The double whammy of debt and depression

The double whammy of debt and depression

Living under debt can be stressful. And, Americans are no exception to living under the burden of liabilities – unpaid debts. Besides, the piling debt, in the form of unpaid bills, can have disastrous effects on one’s health, leading to depression and anxiety disorders. While it is evident that the twin devils of debt and depression go hand in hand, it is necessary to be careful of the symptoms associated with depression due to debt.

According to a report by the Pew Charitable Trusts published in CNBC.com, eight out of 10 Americans are in debt, mostly because of a mortgage. Moreover, the debt is not limited to young people alone; increasingly, people are carrying debt into retirement. The report also states that credit card debt is still incredibly common among Americans with 39 percent of the consumers reporting unpaid credit card balances. Diana Elliott, research manager for financial security and mobility at Pew Charitable Trusts, revealed to CNBC, “Americans have a love-hate relationship with debt.”

While the burden of debt can weigh one down like a millstone around the neck of a corpse, the depression that follows causes resentment in family and friends. The struggle to get rid of the debt not only causes stress, but also affects the way we go about our day-to-day activities.

Recognizing the symptoms

The problems of money and that of mind caused by it haunt the lives of those affected. A report published by BioMed Central Public Health said, “Debt is an increasingly common stressor that can trigger depression. Indeed, people who live with debt are more likely than their peers to be depressed and even contemplate suicide.”

The authors of BMC Public Health opined that credit card debt, mortgage foreclosure, student loan debt, medical debt and job loss can all contribute to depression. Furthering the link between debt and mental health problems, researchers from the University of Southampton found that psychological conditions like depression and neurosis were far more prevalent among people with debt, compared with people not in debt.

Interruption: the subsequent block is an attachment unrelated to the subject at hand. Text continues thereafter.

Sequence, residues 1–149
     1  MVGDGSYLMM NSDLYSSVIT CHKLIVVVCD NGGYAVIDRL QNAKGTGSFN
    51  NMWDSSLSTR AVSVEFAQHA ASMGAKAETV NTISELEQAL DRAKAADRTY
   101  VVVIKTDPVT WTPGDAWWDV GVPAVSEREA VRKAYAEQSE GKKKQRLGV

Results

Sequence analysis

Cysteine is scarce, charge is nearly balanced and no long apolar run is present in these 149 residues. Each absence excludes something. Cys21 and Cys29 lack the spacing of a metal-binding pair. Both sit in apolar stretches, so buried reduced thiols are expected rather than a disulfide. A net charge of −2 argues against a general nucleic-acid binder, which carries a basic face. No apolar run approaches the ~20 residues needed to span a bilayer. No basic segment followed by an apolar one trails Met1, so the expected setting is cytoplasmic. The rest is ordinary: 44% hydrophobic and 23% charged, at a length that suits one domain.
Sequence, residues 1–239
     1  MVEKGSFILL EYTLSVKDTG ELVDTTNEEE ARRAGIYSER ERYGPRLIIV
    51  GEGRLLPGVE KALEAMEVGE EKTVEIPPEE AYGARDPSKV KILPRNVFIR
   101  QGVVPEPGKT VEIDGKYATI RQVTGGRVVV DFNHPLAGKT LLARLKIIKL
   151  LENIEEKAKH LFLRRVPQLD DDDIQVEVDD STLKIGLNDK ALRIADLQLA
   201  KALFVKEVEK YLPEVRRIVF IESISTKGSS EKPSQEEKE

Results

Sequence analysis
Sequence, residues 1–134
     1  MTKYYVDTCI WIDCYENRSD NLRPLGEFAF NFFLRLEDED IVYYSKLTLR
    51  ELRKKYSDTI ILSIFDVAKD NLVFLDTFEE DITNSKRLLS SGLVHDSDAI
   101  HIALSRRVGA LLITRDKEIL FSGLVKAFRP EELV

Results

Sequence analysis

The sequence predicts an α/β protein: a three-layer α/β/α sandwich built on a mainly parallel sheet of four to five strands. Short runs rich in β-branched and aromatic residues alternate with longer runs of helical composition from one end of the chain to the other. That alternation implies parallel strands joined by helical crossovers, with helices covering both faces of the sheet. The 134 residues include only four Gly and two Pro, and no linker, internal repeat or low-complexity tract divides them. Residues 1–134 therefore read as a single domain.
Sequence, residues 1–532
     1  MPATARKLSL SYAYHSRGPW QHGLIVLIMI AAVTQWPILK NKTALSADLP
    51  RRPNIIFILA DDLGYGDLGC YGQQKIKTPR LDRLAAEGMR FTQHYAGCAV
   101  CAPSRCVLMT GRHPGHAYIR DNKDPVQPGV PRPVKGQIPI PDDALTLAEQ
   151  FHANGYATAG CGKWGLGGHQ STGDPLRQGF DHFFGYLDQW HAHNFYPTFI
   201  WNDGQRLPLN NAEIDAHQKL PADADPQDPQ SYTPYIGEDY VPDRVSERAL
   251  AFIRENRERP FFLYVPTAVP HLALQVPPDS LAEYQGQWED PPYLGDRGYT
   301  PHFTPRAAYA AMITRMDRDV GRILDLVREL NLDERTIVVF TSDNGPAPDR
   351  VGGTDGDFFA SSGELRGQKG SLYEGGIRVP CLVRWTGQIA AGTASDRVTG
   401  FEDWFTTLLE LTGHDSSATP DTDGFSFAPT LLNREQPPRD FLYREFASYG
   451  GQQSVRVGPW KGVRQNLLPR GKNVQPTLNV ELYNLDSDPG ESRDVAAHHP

Though the symptoms of anxiety disorder in relation to debt can vary from person to person, the most common psychological and behavioral symptoms among those are:

  • Intense fear;
  • Restlessness;
  • Impatience;
  • Irritability;
  • Insomnia;
  • Social withdrawal and
  • Sense of impending danger.

Realizing the effect of debt on depression

The quantum of debt along with the inability to repay can encroach upon important relationships in life. Brittany M. Powell, a San Francisco-based professional photographer, told The Washington Post: “Debt is something that we have the privilege of having the opportunity to use, but then we’re kind of enslaved by it afterwards.”

Though the concept of debt is an unavoidable and unwelcome topic in the American households, results of a new survey from CardHub published in CBSNews.com revealed that in 2014. Credit card debt is ballooning, leaving the American households with a net increase of $57.1 billion in new credit card debt. This type of overwhelming debt can lead to destructive and addictive behaviors often associated with depression.

Seeking recovery

We understand the implications of debt. We know how it feels to be bogged down by a burden that disables us to be our normal self. We realize that the insurmountable debt may lead to depression. Sovereign Mental Health Services prides itself on using cutting-edge, evidence-based techniques to treat a wide assortment of mental illnesses such as depression, schizophrenia, bipolar disorder and anxiety disorders. For more information, please contact 866-954-0529.

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